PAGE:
If you believe you have a surefire idea for a product or service that will make a fortune, you may be eager to quit your day job and strike out on your own business venture. Having that amazing idea is just the first step, though.
Taking these next steps will start you down the path to running your own company.
- Research the market
You may already see the need your idea will satisfy, but feeling certain that people want it is only one part of the equation. Are there similar products or services already out there? Even if there are, that does not necessarily mean you should give up. Find out where similar types of businesses are operating, how well they are doing and what you have to offer in the way of competition.
- Create a business plan
This plan is not an outline of how you will take your product or service from idea to successful company, although that may be your starting point. It contains the information you need to organize, operate and grow your business. Not only that, but you also are likely going to need to use your plan to impress investors, so consider all of these elements that usually go into this document:
- Executive summary
- Description of the company
- Market analysis
- Structure and management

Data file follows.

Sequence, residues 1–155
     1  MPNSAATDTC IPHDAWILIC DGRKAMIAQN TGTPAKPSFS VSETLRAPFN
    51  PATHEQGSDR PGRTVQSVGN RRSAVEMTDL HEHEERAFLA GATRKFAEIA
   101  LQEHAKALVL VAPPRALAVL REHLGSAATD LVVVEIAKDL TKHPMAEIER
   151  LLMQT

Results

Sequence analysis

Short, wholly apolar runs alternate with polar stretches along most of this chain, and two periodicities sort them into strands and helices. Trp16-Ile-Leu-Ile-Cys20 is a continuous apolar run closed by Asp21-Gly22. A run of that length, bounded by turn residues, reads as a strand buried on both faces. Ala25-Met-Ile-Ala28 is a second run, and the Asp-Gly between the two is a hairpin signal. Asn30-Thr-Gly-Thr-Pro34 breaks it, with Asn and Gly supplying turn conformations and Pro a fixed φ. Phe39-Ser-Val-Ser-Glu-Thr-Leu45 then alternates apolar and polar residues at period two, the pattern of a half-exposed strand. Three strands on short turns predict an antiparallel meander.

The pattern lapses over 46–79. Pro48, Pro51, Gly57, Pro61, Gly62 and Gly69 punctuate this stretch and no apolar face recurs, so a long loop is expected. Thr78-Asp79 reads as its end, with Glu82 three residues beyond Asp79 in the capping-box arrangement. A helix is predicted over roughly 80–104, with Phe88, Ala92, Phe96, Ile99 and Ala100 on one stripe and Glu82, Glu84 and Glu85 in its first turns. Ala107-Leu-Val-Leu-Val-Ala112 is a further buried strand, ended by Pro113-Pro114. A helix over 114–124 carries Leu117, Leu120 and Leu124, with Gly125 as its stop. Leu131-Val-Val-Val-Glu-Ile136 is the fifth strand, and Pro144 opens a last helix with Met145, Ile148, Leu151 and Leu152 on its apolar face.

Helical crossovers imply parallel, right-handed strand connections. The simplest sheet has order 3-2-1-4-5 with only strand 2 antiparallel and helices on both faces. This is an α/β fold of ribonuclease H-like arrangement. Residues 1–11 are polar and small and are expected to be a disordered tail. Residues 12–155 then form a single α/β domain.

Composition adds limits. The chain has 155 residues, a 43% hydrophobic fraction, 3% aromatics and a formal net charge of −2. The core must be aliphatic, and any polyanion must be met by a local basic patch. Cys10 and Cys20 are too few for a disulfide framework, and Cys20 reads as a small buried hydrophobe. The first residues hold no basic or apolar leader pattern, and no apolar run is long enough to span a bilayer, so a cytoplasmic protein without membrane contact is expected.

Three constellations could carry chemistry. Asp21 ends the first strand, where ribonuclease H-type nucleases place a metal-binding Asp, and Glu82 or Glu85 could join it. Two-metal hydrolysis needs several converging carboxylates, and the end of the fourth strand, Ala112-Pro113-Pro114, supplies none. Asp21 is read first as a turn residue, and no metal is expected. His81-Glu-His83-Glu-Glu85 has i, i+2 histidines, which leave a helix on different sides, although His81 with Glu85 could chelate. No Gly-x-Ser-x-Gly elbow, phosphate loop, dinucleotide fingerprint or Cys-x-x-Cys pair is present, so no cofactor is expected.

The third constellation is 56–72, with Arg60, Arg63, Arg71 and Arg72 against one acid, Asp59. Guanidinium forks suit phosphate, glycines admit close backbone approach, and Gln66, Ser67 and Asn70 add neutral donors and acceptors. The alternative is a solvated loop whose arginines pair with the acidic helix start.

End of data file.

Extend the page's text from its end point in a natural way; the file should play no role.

- Product or service
- Marketing strategy
- Financial projections
You can make your document brief and include only the key elements, but if you are planning to seek funding, keep in mind that investors are probably going to have questions about the information you leave out.
- Choose a business structure
Many of the factors in your business plan could help guide you in choosing a business structure. The structure you register will affect taxes, fundraising, paperwork and liability, so it is important to examine the pros and cons of each option:
- Sole proprietorship
- Partnership (limited partnership, limited liability partnership)
- Limited liability company
- C corporation
- S corporation
- B corporation
- Close corporation
- Nonprofit corporation
In some cases, you may be able to begin as one type of structure and change later, or you may register as a combination of structures, such as an LLC that pays taxes as an S corp.
- Apply for business licenses and permits
The federal government regulates some types of business activities by requiring owners to acquire licenses or permits to operate. States, counties and cities also frequently require licenses and permits of their own that may involve not only business activities but also location and other matters.
In Indiana, licensing and permitting issues may involve your building, such as construction, fire safety and environmental protection. When it comes to occupational licenses, the state lists more than 400 different permissions, certifications, licenses and permits that business owners may need, depending on what activities the company will engage in. Local regulations may involve zoning and signage.
Overlooking any one of these could result in legal trouble, fees or other negative consequences for your company.